Many people around the world have heard of Raoul Wallenberg... but not everyone knows that he was born and raised in Stockholm. A Swedish humanitarian and diplomat, he saved tens of thousands of Jews in Hungary during World War II by issuing them protective passports and housing them in 32 different buildings in Budapest established as Swedish territory. He even convinced the Nazis not to go ahead with their plan of a death march of the remaining Jews in Budapest as the Soviet Army neared the city. Sadly, Wallenberg was arrested by the Soviets and sent back to the USSR. He was never seen again and is widely believed to have been either executed or died while in Soviet prison. There is a multitude of memorials to Raoul Wallenberg all over the world and Stockholm has, of course, honoured her son as well. There are two memorials/monuments located on Roul Wallenberg Square next to Berzelii Park. One monument is abstract, showing figures rising from the ground. The other is a granite globe that is connected to the Great Synagogue of Stockholm with a symbolic railway track. The closest subway station is Kungsträdgården (blue line).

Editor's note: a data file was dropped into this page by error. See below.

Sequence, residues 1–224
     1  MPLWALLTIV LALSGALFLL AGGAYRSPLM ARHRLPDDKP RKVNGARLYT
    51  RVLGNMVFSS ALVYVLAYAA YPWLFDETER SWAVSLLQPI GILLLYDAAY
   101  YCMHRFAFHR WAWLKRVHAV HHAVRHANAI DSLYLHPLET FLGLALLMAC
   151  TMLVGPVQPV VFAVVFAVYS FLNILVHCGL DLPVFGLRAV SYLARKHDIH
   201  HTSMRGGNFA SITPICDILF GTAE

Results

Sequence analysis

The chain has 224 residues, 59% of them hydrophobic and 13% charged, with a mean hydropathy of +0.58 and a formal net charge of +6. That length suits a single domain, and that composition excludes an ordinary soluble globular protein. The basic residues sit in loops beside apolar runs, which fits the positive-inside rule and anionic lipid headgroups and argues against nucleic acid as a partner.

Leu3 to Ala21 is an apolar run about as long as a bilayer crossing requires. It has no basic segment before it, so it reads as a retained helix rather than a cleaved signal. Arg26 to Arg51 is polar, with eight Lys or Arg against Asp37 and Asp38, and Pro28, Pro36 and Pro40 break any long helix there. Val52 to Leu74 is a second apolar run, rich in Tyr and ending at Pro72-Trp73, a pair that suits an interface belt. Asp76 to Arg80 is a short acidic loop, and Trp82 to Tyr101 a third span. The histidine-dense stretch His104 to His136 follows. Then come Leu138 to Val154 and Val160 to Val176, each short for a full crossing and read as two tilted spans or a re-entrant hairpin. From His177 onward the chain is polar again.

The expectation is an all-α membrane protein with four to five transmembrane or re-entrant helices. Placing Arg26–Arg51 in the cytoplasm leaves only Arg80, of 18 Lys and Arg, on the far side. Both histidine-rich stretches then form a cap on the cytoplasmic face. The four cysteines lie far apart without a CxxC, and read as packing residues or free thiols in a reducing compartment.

The Wallenberg family is one of the most powerful families in Sweden. In 1990 it was estimated that the Wallenbergs indirectly controlled 1/3 of the Swedish GNP. There is actually a popular Swedish dish named after Raoul's relative called a Wallenbergare. If you would like to try this, then you don't have to travel farther than Rival's own Bistro where they make one of Stockholm's most delicious Wallenbergare!
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